Spuds need rain, late freeze2013 weather has worked against many growers so far
By: Jonathan Knutson, Agweek
INKSTER, N.D. — This spring was so wet that Mitch Jorde, a Cando, N.D., potato farmer, couldn’t start planting his spuds until June 4. He finished up on July 3.
The planting period this year “was almost exactly a month later than normal,” says Jorde, of Jorde Certified Seed.
Because his potatoes were planted so late, “We’ll need a frost-free September” for them to develop fully before harvest, he says.
Jorde was among the 180 people who attended the Northern Plains Potato Growers Association’s annual Field Day Thursday. The event included field tours and presentations by area potato experts in Larimore, Inkster and Hoople, N.D.
“It’s an opportunity for everyone involved in the area’s potato industry to come together and take a look at potato research,” says Andy Robinson, North Dakota State University and University of Minnesota Extension potato agronomist and one of the Field Day organizers.
The research, which includes work on new spud varieties that are more resistant to pests, ultimately could benefit the entire industry, he says.
In contrast to the research’s long-term promise, many North Dakota and Minnesota potato growers have major short-term concerns about their crops. Like Jorde, they planted spuds late because of the wet spring and will need favorable fall weather to harvest a normal crop.
Overall, “Potatoes are 10 days to two weeks behind,” Robinson says. “An early freeze would be disastrous.”
Other late-planted crops in the area, particularly corn, also would be hurt by an early freeze, he says.
Recent hot weather that gave a needed boost to the maturity of some late-planted crops hurt, not helped, potatoes, Robinson says.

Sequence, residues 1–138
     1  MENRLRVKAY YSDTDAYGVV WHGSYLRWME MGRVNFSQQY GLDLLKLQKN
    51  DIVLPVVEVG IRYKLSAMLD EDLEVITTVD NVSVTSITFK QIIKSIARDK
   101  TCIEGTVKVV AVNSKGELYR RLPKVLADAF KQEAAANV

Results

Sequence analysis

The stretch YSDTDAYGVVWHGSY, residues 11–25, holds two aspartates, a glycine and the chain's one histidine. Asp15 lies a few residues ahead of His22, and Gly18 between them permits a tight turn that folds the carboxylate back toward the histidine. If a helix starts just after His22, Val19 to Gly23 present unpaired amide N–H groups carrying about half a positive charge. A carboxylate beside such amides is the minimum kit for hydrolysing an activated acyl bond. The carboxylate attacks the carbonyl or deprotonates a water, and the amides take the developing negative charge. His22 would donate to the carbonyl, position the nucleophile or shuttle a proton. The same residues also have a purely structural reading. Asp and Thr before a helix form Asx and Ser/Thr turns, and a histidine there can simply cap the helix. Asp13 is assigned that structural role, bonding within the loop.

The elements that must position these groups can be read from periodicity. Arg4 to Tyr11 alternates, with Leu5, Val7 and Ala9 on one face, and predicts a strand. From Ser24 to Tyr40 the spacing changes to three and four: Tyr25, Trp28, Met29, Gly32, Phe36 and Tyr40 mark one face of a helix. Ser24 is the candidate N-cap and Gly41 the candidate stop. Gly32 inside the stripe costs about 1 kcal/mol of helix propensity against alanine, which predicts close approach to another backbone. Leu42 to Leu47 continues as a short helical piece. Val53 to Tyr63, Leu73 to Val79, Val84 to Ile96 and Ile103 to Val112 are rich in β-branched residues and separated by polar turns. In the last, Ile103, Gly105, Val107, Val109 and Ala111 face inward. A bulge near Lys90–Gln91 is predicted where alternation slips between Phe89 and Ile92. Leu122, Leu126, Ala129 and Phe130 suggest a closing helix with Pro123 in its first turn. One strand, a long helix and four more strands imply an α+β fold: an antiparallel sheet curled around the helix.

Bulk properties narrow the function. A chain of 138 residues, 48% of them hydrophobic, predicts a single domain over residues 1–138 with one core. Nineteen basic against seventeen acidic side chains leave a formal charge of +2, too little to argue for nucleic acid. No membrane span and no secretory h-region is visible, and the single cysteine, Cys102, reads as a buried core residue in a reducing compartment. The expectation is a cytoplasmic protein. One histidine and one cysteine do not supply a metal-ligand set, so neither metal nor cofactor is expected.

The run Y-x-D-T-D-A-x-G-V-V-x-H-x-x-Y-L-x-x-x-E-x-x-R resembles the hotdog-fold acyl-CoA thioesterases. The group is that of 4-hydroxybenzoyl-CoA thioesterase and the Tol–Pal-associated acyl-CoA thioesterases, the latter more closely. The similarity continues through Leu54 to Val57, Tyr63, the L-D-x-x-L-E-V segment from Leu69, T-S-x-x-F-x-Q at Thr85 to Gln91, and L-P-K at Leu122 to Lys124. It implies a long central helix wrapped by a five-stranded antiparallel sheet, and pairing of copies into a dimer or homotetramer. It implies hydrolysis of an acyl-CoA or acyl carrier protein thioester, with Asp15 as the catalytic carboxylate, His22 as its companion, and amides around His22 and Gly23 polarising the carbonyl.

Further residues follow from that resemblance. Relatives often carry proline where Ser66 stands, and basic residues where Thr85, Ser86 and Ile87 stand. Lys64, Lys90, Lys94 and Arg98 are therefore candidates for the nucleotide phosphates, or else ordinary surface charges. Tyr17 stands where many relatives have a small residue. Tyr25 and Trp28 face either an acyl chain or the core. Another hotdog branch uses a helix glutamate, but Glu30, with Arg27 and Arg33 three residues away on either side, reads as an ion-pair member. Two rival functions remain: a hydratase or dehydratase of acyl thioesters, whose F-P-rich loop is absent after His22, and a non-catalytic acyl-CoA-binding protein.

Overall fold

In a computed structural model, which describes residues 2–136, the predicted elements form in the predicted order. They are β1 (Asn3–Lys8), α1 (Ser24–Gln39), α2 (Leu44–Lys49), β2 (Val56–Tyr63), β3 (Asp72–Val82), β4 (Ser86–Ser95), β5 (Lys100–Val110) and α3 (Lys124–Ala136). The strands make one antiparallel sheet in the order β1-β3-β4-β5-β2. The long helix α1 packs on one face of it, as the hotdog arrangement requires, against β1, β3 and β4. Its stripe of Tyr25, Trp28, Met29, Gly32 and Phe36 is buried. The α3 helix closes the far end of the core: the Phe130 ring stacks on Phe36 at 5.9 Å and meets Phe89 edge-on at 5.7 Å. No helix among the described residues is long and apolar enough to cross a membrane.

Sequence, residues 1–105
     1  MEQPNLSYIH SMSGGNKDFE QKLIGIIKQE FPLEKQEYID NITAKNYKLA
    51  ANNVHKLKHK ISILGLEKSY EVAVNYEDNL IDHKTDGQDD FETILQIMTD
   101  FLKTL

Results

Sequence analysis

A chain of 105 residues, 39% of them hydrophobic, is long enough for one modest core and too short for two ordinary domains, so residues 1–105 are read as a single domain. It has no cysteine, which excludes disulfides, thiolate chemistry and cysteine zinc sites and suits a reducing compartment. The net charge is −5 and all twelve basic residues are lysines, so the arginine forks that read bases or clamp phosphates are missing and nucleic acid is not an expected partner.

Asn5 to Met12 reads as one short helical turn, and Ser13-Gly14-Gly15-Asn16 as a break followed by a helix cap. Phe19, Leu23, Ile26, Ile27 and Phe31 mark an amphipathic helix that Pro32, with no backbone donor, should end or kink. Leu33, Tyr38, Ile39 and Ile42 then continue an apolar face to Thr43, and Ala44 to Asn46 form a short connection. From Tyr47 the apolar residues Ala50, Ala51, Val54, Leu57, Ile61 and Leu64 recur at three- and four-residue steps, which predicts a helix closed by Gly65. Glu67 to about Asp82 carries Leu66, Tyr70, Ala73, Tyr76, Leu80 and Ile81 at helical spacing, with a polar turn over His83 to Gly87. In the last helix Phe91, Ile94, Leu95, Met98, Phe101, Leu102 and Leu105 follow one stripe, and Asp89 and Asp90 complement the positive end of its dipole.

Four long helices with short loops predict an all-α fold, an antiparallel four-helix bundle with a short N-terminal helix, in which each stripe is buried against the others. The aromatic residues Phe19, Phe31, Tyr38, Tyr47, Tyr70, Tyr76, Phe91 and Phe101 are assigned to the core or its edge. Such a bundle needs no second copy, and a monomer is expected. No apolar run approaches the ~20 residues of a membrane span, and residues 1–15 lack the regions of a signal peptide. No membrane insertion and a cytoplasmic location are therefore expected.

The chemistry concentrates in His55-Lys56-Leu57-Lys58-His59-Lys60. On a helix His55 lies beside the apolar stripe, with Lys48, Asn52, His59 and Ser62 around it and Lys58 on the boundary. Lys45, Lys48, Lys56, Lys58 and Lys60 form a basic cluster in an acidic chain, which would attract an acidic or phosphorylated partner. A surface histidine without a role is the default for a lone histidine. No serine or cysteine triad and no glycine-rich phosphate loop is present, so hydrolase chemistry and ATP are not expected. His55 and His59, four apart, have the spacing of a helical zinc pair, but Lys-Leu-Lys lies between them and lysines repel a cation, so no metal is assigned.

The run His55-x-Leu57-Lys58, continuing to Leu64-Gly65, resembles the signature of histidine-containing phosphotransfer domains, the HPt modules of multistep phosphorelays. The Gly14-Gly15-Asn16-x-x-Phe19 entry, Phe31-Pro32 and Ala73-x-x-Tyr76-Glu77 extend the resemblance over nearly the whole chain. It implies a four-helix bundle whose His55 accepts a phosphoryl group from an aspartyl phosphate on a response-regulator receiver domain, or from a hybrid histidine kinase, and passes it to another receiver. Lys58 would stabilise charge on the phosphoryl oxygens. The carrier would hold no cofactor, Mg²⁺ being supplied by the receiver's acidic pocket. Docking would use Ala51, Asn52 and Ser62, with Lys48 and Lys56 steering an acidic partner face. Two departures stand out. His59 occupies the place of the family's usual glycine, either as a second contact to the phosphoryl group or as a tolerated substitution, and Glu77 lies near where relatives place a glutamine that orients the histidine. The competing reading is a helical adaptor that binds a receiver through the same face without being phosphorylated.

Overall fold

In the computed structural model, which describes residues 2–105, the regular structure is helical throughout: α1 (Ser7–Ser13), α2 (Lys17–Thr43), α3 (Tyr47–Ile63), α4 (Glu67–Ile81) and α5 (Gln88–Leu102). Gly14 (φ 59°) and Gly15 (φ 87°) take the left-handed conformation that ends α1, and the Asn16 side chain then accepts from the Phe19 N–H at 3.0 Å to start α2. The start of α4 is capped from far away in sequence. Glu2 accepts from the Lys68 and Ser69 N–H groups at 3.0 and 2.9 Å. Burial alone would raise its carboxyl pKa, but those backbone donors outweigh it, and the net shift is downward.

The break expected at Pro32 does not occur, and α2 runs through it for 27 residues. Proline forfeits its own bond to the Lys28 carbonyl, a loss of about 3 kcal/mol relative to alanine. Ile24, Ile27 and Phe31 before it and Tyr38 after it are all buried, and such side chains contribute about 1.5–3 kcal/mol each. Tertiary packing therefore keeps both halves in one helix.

Potato yields and quality suffer when temperatures rise too much, he says.
Rain is vital, too, says Chuck Gunnerson, president of the Northern Plains Potato Growers Association, based in East Grand Forks, Minn.
Moisture would help in two ways: allowing potatoes to continue growing and to make fields suitable for digging at harvest, he says.
The Red River Valley of western Minnesota and eastern North Dakota is the nation’s leading producer of red potatoes and the only region that produces in volume for the chip, fresh, seed and process markets.
By and large, Minnesota spuds are doing better than North Dakota potatoes. The latter were hurt by heavy rains in northeast North Dakota, the state’s core potato-growing area. Key spud-growing areas in northwest Minnesota generally avoided the worst of the spring rains.
Thirty-eight percent of North Dakota spuds are in good or excellent condition, with 46 percent rated fair and 16 percent rated poor or very poor, according to the most recent statistics from the National Agricultural Statistics Service, an arm of the U.S. Department of Agriculture.
Seventy-nine percent of Minnesota potatoes rated good or excellent, with 16 percent in fair condition and 5 percent in poor or very poor condition.
Inadequate moisture, however, has caused overall crop conditions to deteriorate since those statistics were released on Monday.
Attractive red-potato prices, which rose as high as $50 per hundredweight this spring, caused some North Dakota and Minnesota famers to continue planting potatoes longer than they normally would, Robinson says.
The thinking was, higher prices could offset the potentially lower yields resulting from late planting, he says.
Now, red-potato prices received by area farmers have fallen to about $15 per hundredweight, Gunnerson says.
Selling red potatoes at that price can be profitable, provided farmers harvest “a good, average crop” with good, average quality,” he says.
Some consumers complained this spring and summer about high potato prices in supermarkets.
The prices received by farmers have declined sharply, Gunnerson says.
Jorde, like other farmers, says it does no good to fret about the weather.
“We just have to play the hand we’re dealt,” Jorde says.